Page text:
Commission calls for major reform to heal divides in society

28 Jun 17

Successive administrations have failed to improve social mobility for the past 20 years, a report from the government's Social Mobility Commission has found.

The commission, a non-departmental advisory public body that monitors social mobility, has called on the government to enact “deep-seated” reform to bridge the gap between “haves and have nots”.

Alan Milburn, chair of the Social Mobility Commission, said: “For two decades, successive governments have made the pursuit of higher levels of social mobility one of the holy grails of public policy.

“While there has been some progress, it has not gone far enough towards translating welcome political sentiments into positive social outcomes.”

Today’s report examines four life stages from the early years and school through to training and further/higher education and then into the world of work.

It found that previous governments all failed to achieve the highest, green rating on these measures.

Both early years and schools were given an amber rating, while young people and those of working age received a red. Overall, only seven policies score a green while 14 score amber and 16 red.

The study praised the efforts to increase employment, which has now reached a record high, as well as initiative to get more working-class people into university.

However, the report concludes too little work has been done to break the link between socio-economic background and social progress as new divisions between parts of society have widened.

Milburn stated: “What is so striking about this new analysis is how divided we have become as a nation. A new geographical divide has open opened up, a new income divide has opened up and a new generational divide has opened up.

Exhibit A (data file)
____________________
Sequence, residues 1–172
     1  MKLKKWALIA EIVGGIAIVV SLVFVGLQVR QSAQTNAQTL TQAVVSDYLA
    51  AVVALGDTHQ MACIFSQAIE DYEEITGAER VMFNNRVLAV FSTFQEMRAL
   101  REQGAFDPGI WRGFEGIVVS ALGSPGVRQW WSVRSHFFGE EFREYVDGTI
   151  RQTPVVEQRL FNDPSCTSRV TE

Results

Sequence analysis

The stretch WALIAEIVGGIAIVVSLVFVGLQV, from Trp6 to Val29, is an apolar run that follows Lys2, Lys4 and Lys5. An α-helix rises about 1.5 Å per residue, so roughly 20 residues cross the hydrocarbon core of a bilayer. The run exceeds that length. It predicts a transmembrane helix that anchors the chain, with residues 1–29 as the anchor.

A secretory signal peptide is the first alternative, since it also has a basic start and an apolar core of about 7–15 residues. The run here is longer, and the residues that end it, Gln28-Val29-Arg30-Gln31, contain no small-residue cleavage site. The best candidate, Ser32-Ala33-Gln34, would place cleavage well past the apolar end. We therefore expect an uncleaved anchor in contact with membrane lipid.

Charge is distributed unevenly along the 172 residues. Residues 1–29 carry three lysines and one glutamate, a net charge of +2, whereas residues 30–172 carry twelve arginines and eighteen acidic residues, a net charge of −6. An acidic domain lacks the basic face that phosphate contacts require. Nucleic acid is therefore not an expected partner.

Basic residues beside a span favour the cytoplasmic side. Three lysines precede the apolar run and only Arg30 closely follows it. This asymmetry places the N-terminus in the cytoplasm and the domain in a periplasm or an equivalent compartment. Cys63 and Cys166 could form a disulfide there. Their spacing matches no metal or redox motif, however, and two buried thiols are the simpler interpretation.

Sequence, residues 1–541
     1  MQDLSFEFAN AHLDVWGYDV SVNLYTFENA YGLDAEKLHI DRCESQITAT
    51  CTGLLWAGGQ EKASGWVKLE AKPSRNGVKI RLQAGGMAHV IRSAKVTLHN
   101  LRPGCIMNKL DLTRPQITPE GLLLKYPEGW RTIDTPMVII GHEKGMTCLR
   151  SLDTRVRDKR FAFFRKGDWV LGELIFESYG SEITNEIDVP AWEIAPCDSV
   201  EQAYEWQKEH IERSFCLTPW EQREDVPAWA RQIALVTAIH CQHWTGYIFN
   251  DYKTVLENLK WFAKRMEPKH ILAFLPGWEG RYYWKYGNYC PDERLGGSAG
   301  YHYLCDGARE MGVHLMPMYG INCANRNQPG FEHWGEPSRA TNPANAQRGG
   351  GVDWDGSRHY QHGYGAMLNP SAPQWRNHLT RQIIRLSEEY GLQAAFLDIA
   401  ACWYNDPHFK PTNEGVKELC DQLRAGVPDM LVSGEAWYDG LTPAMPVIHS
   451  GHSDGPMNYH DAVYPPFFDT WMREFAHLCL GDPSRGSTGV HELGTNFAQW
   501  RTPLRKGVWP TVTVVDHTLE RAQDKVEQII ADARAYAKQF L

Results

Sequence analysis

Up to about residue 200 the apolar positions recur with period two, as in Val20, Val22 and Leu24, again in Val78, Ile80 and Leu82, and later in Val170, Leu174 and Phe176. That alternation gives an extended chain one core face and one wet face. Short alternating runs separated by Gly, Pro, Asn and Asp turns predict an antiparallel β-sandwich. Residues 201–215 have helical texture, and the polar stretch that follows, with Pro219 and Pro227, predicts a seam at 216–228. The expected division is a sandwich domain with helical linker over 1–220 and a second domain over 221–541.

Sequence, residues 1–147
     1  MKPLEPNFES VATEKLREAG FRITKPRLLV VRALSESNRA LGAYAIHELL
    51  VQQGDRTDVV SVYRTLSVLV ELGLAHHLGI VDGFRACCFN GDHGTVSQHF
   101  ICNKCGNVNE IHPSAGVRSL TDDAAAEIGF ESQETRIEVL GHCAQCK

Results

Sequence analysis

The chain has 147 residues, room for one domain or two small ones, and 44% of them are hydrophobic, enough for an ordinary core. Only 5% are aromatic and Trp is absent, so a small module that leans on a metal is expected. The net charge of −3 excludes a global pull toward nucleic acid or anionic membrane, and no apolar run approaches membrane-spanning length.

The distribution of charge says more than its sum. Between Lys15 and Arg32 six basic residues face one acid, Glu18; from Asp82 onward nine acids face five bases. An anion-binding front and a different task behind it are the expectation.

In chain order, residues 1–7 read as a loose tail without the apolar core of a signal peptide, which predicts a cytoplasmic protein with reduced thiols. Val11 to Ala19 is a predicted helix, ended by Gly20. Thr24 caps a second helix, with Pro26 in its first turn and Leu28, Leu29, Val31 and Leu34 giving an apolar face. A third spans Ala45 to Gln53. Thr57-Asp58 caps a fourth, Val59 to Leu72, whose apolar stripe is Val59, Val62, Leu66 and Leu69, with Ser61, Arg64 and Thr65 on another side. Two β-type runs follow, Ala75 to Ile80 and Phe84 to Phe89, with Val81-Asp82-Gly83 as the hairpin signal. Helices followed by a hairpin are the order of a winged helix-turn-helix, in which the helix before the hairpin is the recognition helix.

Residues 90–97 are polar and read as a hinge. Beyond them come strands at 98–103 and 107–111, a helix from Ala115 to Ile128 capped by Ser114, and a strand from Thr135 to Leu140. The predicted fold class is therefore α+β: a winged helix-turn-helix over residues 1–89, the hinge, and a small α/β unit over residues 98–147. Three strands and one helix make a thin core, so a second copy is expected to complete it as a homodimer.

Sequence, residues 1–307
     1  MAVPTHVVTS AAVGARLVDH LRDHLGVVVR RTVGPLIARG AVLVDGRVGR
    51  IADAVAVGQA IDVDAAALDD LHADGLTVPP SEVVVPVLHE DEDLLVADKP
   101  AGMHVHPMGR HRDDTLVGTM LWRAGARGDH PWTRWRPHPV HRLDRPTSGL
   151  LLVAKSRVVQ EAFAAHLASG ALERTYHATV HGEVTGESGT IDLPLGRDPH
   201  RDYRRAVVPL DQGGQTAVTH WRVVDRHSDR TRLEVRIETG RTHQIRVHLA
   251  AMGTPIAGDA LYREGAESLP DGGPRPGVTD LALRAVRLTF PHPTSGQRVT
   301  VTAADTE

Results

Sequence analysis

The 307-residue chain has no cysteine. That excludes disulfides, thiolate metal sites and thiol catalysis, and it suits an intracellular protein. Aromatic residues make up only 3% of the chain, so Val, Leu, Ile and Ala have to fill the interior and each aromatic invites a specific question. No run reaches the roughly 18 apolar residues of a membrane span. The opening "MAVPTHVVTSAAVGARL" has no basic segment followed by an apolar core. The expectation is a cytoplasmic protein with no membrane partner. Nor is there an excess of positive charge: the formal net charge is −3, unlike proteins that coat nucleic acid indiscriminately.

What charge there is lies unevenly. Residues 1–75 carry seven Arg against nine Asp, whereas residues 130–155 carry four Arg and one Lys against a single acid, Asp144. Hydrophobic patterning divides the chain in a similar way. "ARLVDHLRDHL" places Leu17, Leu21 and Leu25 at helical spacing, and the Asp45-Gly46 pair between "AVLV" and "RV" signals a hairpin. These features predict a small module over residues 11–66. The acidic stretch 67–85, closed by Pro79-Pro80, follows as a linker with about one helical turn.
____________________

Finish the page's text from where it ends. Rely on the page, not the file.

“If we go on like this, these divisions are set to widen, not narrow. There is a growing sense in the nation that these divisions are not sustainable, socially, economically or politically.”

In March a report from the Sutton Trust found that pupils from disadvantaged backgrounds were less likely to get into top-rated schools.

Rosamund McNeil, head of Education at the National Union of Teachers, hailed today’s report as an urgent reminder of the “desperately unbalanced nature” of UK society.

She called on the government to tackle the school funding crisis as a way of ensuring poorer children have a chance of getting ahead in life.

McNeil said: “Well-funded, high quality education is one vital part to reducing inequality and alleviating child poverty.

“It is equally important that policy makers look at the broader findings of the report about the root causes of poverty: endemic low pay; stagnating wages; lack of job security, and an inability to afford decent housing.”

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